It would seem like getting a yearly physical would make you less likely to die of an otherwise undiagnosed malady than someone who doesn’t go in for such checkups. But that may not be the case.

A study by Danish researchers of 14 long-term trials involving 182,880 people has found that there is no difference in the death rate between those who get regular check ups and those who don’t, but that there also is no difference in the rate of disability, worry, specialist referrals, additional visits to doctors or time off work.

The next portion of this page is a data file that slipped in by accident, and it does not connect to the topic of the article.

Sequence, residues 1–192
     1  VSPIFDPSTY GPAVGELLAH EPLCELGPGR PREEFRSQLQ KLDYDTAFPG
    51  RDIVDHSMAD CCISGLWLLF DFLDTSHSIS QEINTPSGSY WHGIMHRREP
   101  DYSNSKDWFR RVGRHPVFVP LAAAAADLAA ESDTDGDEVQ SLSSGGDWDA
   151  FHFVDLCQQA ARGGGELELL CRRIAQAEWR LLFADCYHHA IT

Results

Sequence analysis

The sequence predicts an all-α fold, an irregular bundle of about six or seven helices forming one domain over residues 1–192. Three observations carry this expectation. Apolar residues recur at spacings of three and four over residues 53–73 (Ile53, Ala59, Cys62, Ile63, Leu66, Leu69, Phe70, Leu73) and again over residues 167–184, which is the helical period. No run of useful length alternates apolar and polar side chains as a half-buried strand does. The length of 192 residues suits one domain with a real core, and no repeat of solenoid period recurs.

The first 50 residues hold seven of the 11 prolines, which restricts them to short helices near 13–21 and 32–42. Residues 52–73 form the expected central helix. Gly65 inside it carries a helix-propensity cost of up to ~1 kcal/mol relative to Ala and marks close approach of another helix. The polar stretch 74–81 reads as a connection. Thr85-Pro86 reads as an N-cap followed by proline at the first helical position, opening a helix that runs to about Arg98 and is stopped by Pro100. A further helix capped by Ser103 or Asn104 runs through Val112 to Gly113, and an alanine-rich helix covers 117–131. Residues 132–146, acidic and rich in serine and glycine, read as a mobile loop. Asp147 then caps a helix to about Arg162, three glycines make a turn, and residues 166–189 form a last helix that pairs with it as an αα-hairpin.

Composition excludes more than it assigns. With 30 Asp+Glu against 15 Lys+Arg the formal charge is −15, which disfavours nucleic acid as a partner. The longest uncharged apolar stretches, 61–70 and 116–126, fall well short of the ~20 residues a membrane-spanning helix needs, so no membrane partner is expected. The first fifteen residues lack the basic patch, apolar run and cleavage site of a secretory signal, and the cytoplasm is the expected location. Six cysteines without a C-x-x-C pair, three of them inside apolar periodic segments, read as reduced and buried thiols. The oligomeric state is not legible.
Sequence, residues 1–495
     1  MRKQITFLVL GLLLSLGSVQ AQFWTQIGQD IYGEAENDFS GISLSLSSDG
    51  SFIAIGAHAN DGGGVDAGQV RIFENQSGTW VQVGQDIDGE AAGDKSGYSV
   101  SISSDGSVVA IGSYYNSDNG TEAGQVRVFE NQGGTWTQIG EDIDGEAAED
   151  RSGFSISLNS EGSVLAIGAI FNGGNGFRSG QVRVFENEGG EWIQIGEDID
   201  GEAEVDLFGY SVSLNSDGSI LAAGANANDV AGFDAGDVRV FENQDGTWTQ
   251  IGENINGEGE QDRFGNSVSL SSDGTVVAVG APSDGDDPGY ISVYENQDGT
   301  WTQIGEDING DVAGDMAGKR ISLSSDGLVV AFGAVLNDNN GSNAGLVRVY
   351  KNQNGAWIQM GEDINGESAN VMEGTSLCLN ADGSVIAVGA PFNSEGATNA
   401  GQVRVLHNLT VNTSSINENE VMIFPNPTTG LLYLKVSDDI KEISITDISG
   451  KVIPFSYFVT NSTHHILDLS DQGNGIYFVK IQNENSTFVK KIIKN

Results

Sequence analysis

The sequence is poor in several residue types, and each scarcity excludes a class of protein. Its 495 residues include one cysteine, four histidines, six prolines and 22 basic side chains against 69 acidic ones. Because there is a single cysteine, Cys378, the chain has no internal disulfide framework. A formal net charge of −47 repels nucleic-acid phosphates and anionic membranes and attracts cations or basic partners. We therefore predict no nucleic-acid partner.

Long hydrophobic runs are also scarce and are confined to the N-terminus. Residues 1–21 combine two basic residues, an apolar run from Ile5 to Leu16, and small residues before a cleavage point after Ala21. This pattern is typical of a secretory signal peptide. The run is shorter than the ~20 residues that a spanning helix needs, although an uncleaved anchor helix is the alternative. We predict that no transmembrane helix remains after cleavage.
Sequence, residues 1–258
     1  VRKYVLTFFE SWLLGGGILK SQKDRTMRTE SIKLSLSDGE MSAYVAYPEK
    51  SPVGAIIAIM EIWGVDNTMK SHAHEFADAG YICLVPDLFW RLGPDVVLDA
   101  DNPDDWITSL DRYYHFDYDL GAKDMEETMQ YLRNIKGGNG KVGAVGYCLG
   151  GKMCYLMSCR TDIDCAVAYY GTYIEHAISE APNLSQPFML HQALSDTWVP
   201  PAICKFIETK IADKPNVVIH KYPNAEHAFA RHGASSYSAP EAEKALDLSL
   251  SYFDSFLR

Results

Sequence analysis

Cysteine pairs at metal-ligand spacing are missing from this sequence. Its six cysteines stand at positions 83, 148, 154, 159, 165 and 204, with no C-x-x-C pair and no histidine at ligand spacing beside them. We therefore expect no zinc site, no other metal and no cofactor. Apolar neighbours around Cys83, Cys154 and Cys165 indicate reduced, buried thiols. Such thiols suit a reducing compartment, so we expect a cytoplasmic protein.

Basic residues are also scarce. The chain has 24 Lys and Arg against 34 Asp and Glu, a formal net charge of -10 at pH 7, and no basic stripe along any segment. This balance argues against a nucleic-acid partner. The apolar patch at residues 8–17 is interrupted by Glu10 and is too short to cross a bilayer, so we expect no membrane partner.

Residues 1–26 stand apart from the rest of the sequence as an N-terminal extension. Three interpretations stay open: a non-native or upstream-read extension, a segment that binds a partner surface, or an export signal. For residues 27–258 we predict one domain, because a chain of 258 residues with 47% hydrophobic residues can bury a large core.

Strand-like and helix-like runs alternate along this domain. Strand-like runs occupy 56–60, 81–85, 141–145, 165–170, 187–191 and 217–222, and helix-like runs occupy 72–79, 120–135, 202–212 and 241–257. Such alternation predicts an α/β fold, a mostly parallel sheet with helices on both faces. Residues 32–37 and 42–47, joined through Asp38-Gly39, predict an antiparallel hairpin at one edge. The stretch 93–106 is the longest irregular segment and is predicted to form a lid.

“From the evidence we’ve seen, inviting patients to general health checks is unlikely to be beneficial,” lead researcher Lasse Krogsbøll of the Nordic Cochrane Centre in Copenhagen, Denmark, said in a statement. “One reason for this might be that doctors identify additional problems and take action when they see patients for other reasons.”

One of the trials Krogsbøll and his team looked at did find that those who go in for regular checkups are 20 percent more likely get a diagnosis than those who don’t. However, this increase in diagnoses didn’t translate to better health outcomes for that group.

This suggests that—beyond being useless—regular checkups may actually push people to be treated for conditions in which treatment isn’t beneficial.